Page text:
Is there an art to antique shopping? Not necessarily, but there are a few tips I can share with you to make your antique shopping trip more successful, and by successful, I mean finding something worth buying!
We have quite a few large antique shops here in Mooresville, NC, as well as another very large shop in Concord, NC. The biggest are housed in old Mills with outstanding square footage and the antiques seem to go on for days. Some of the 10×10 booths within the Mills are piled high with what looks like the entire contents of grandma’s house, while other booths look like somebody’s perfectly staged modern farmhouse. I’ve spent half a day looking through all the booths. You can get lost in it all.
Sometimes, a successful Antique shopping trip for me, means going into the retailer and finding that one piece I’ve been looking for. While other successful trips mean finding something I didn’t expect to find. Both results are very fulfilling (who doesn’t like coming home with loot?).
Here are my tips for you the next time you visit an Antique Shop;
- Narrow Your Scope. I usually jot down a few things in the notes section of my phone that I am looking for. This helps me stay on track while searching. When you narrow your focus down to a few items, it helps you weed through all the items that pack these types of shops and can overwhelm you. I recently decided I was going to fill a metal box with wooden rolling pins. I’m pretty sure most people collect the rolling pins over time, but I wanted the look that day (what can I say, I have no patience). My shopping trip became like a game, every booth was an eye spy for rolling pins.
- Set a Budget per Item or per Trip. When I was shopping for the rolling pins I set some guidelines for myself. I was not going to spend more than $5 for each pin, unless for some reason it was unique. This stops me from overpaying for items. Also, in these big antique stores you might find everything you want in the first few booths, not knowing that you are going to find the same (or similar) items further into the store for cheaper. If I’m not searching for something specific, I like to set a budget for the trip. For example, I’m not going to spend more than $150. That can be spent on 10 items or 1 item. I find this helps me slow down and stops me from overpaying. I really consider the value and impact of what I’m buying.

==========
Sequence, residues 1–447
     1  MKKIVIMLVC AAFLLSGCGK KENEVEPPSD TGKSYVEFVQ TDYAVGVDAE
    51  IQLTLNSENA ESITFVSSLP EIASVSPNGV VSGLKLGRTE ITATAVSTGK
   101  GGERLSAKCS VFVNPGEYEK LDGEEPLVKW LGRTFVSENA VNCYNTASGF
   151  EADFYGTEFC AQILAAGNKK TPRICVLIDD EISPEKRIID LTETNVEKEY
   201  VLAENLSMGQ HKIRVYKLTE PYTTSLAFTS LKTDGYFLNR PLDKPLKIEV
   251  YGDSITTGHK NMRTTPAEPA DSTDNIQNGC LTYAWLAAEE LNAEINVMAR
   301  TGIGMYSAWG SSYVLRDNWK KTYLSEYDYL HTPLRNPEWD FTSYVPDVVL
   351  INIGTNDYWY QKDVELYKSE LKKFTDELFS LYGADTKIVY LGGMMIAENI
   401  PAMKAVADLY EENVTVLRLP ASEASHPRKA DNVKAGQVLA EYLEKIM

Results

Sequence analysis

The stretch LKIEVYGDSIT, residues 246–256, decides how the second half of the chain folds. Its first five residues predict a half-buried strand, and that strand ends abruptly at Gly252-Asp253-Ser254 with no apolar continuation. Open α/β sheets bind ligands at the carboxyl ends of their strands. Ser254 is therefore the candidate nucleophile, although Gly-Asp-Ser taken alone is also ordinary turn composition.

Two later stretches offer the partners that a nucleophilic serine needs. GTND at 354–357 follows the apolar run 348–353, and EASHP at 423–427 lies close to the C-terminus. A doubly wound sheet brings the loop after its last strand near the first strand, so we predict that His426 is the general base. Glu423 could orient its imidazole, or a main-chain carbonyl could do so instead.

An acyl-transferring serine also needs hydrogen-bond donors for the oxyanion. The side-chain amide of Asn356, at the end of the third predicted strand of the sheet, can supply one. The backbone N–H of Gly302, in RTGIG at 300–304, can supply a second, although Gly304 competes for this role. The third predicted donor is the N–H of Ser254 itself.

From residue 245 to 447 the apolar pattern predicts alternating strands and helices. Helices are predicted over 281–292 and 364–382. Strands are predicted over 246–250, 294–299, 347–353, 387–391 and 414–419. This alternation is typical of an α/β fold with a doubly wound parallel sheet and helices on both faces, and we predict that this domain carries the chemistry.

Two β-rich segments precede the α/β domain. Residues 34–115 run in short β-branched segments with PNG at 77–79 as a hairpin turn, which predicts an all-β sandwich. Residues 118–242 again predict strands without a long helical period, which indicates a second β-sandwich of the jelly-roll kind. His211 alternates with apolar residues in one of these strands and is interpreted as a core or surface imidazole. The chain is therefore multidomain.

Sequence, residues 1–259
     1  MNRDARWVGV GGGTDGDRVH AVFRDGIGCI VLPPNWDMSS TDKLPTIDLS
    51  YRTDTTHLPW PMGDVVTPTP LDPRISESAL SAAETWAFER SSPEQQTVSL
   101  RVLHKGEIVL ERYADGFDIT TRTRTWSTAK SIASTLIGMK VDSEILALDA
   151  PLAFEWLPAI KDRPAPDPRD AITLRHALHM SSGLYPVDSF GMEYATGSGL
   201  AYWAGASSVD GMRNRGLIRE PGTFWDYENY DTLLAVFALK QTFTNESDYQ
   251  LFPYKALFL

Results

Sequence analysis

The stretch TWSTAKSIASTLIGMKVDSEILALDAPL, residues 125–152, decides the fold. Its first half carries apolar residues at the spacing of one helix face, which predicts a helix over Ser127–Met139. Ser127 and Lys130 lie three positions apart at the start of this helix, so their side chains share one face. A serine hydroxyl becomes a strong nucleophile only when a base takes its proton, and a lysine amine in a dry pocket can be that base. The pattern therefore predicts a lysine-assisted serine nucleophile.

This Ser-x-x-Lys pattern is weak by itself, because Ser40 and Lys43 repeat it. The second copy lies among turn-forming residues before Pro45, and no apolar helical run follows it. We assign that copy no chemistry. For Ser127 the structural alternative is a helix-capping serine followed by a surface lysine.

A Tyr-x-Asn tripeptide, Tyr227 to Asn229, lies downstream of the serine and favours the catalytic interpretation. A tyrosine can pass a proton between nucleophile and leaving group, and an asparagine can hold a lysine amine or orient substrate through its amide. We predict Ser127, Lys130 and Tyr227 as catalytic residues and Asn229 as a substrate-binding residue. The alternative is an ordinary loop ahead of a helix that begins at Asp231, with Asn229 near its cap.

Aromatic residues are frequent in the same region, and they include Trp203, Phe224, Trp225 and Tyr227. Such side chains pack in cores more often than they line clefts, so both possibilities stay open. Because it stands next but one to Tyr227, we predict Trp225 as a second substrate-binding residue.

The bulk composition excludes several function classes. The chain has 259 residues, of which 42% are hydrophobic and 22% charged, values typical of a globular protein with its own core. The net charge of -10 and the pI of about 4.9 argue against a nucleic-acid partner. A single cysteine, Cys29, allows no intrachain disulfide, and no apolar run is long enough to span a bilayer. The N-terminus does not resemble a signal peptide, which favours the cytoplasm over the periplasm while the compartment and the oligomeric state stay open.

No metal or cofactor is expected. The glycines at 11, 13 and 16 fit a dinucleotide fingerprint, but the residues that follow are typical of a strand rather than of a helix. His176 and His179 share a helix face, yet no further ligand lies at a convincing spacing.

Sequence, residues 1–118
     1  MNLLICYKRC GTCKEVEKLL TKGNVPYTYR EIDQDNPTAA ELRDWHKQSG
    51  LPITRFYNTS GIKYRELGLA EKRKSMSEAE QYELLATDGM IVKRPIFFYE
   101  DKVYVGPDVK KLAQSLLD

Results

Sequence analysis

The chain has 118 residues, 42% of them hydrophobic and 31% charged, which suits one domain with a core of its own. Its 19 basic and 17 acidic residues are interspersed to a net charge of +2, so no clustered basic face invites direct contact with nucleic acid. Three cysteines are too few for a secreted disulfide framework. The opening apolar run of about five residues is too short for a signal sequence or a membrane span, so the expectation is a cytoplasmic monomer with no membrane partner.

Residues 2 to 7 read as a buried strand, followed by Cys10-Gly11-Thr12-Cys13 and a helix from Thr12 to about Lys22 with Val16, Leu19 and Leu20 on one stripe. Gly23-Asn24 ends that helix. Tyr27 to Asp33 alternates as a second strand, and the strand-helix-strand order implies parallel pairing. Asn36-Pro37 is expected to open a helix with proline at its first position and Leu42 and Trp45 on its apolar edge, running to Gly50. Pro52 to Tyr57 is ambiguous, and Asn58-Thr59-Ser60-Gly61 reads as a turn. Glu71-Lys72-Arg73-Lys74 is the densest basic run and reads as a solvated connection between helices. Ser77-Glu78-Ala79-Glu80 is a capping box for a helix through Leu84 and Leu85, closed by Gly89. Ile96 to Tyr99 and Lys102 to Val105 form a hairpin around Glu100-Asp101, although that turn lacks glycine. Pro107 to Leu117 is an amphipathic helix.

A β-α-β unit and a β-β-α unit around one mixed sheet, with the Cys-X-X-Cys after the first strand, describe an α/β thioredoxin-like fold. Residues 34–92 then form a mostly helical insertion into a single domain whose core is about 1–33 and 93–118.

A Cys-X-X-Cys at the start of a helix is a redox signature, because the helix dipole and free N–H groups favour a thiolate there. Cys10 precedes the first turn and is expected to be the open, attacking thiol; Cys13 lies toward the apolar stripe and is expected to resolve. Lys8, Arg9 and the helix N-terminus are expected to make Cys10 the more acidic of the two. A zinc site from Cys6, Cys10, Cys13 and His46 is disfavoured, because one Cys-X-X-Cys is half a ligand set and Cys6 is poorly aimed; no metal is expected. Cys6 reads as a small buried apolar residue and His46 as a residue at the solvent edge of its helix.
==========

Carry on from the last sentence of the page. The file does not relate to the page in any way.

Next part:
- You’ll Know a Good Price When you Find it! Ever found something you thought you loved and then flipped over the price tag? Didn’t love it so much after seeing those shocking numbers, did you? Don’t worry about googling the price or trying to find if it’s a true antique. If you are buying antiques for home décor and it feels like it’s priced too high, it probably is!I found the below antique theater seats for $95. There were 4 in the row, but I took one off to fit this space. I went to another antique store two weeks later, and found the same type of theater seats (4 in the row) for $399! I love these seats and knew if I ever found anything like them I would buy them right away, however I would have restrained myself had I found the $399 chairs first.
- Let the Items Speak to You. Ok, that sounds hippy dippy, but I guarantee you will find something you absolutely love if you hear me out. For me it’s typically a larger vintage furniture piece. Don’t pass on something you won’t be able to stop thinking about. Even if it’s priced out of your budget (I know, I know)! You will regret it, I promise. And chances are you won’t be able to go back and get it because someone else will scoop it up. Antique stores are filled with one of a kind items. When they are gone, they are gone!
- Finally, Don’t Buy Anything You Can Make Yourself. I have a hard policy on this (at least for myself). The wood signs with quotes are very popular right now. People take a piece of wood, stain or paint, and a cricket or stencil to write out a quote. That’s it, though sometimes they are little more unique. Also, chalk painted furniture is another trend I see in a lot of antique shops. You can do these types of projects yourself without having to pay the premium of someone else doing it for you. The only time I bend this rule, is if I can’t physically do it myself or I don’t realistically have the time. I bought my kitchen table from an antique store because it was handmade with barnwood and metal fabricated legs. I do not know how to fabricate metal! This table also fell under the “Let it Speak to You” rule, for me. It was worth every penny to me.